akr71

Adventurer
I don't ever want my players to be unhappy or dissatisfied with their characters. If they mention it to me, we try to find a solution - if the class is underwhelming, maybe we try to home-brew something that is more what they were hoping for. However, switching characters is usually an easier, faster solution. I ask them to save the character and try it in a side game or one shot, which we try to have semi-frequently.

I had one myself in a side game - Roscoe 'Firkin' Goodbarrel the boar riding, halfling cavalier. It turns out, I don't find the cavalier to be very fun to play and there was little to no opportunity to use his mount. Roscoe continued his travels and I started playing a hobgoblin psi-knight instead.
 


Oofta

Title? I don't need no stinkin' title.
When planning a new campaign I discuss my upcoming campaign idea(s) and as a group we have a discussion about what types of PCs will fit. Beyond the no evil PCs, don't play a jerk, I also discuss regional considerations and themes. My current campaign is very city focused for example, so that hermit druid who loves the forest may not have been a great fit.

So I give people a heads up on probable direction before they ever commit.

As to the OP, yeah, sometimes the PC's schtick isn't as effective as expected. That doesn't mean they're useless. For example, cancelling out advantage is actually just as useful in many cases (if not more) than gaining advantage for a spellcaster.

In any case, I let players change PCs if they're really dissatisfied as long as they don't abuse the policy. I want people to have fun and don't force them to play something they don't want to play.
 

Sacrosanct

Legend
Hah, that once more proves my grognard dm attitude to limit every selection so that such things among others do not occur.
But even if, like in your case, you go the modern anything goes way, your dm should have discussed your choice upfront with you, and made you aware, that your selection -while he allows it - would be more than suboptimal.

I'm not sure why this example proves that DMs have to limit every selection. I'm not even sure I know what you mean by that. And I don't know about "modern anything goes" either. Our DM told us what campaign we were going to be playing before we started. This isn't on him. this is on me for not realizing that there would naturally be a lot of devils in a campaign that takes place in hell. Also, I don't care about suboptimal. Never have. As I said in the OP, I'm still enjoying the character. Just a bit disappointed I didn't think ahead and realize how many of the defining class features (that make the shadow sorcerer different from every other sorcerer) are significantly neutered in this type of campaign.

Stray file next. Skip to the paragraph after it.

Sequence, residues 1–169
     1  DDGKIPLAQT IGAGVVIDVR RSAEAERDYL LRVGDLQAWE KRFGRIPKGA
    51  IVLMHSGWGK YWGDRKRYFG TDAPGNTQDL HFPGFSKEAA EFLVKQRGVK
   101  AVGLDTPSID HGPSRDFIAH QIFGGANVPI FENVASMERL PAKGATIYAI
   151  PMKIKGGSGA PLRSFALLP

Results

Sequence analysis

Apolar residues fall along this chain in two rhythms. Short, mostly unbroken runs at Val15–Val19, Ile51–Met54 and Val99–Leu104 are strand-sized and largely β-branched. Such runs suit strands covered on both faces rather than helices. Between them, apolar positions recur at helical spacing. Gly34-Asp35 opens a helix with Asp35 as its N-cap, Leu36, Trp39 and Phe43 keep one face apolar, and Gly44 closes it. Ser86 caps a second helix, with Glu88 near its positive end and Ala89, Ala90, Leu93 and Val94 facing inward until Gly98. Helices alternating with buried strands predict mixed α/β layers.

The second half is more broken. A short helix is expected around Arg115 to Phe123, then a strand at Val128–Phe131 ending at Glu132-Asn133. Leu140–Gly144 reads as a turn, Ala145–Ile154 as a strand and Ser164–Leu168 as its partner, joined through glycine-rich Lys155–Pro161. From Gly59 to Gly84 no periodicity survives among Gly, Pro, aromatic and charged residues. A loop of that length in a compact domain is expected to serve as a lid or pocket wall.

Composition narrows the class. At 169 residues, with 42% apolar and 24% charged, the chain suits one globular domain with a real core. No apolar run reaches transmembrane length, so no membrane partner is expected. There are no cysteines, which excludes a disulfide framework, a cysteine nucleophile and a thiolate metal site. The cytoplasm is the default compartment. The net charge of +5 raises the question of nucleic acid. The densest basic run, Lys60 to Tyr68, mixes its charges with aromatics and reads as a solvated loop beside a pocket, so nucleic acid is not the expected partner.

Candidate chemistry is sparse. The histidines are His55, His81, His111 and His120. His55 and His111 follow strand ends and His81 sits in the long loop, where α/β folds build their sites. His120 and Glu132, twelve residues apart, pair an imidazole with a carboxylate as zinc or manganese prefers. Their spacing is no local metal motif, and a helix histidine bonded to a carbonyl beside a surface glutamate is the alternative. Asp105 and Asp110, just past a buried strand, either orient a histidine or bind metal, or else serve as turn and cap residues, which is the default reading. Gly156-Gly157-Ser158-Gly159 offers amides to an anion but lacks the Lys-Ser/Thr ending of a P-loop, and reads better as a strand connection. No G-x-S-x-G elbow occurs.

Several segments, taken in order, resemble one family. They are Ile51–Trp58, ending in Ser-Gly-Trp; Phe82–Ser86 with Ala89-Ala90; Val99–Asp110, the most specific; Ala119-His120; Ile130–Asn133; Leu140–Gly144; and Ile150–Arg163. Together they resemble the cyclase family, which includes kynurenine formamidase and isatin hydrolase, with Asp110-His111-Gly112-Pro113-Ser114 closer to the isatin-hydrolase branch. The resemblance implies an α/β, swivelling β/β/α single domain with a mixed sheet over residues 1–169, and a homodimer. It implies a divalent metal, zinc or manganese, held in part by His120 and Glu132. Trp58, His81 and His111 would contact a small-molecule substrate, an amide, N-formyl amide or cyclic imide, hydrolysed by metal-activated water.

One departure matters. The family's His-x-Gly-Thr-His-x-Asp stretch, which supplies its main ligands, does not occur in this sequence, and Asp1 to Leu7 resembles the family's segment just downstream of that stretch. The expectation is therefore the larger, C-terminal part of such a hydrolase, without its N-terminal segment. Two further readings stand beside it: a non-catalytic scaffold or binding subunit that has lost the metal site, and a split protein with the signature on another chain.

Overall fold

Sacrosanct

Legend
A shadow sorcerer is still a sorcerer and this means that spell selection can be used to "cover" for the weaknesses.

While true, they are, it's basically playing a class without a subclass. Like playing a battlemaster, but finding out your maneuvers aren't really effective for the campaign. You can still fight, and do stuff, but what makes your subclass it's subclass isn't really effective or has an opportunity to come into play.
 

Nothing recent, but....

I've played in campaigns that were mostly urban or sometimes entirely urban and one player will choose to be a Ranger or Druid. Often they would ask about their animal companion and be upset that they can't wander around the city or the Underdark with a grizzy bear in tow or somesuch.

I've played in a campaign where one player choose to play a mounted combat specialist. The campaign was based on plane hopping through portals in various hard to reach locations. I don't think we ever got back to his mount that he tied up after we found the first ladder.

I remember a campaign where someone insisted on playing an Aarakocra (which used to have de jure fear of being underground or indoors which resulted in penalties). The DM told us the campaign was going to be primarily be Undermountain.

I remember campaigns where someone would insist on playing a Necromancer or Assassin when there was already a Paladin, or vice-versa. I'm sure some people love this kind of intra-party conflict, but I'd rather it stayed in Dragonlance novels.
 

TwoSix

Unserious gamer
Supporter
Mostly when I've seen this happen, it's been around features with certain rest frequencies. Like the campaign has had less encounters per day than normal, and the character had all short rest features.

I'm pretty lax, if a player is unhappy I let them bring in a new character or retool an old one (depending on which one fits in the narrative better).
 

iserith

Magic Wordsmith
The good news is that my group just finished this module and it's so very easy that we did it 4 levels behind what was expected. So even given that some of your tricks won't work all that well, you should be fine. Our group also lacked characters with AOEs.

The two responses above that make the most sense to me: (1) The DM is well-advised to work with the players on the campaign concept so players can make informed choices about what to create; and (2) it can still be a fun challenge to figure out the optimal way to use a character who is made suboptimal by way of the fictional circumstances.
 

Sacrosanct

Legend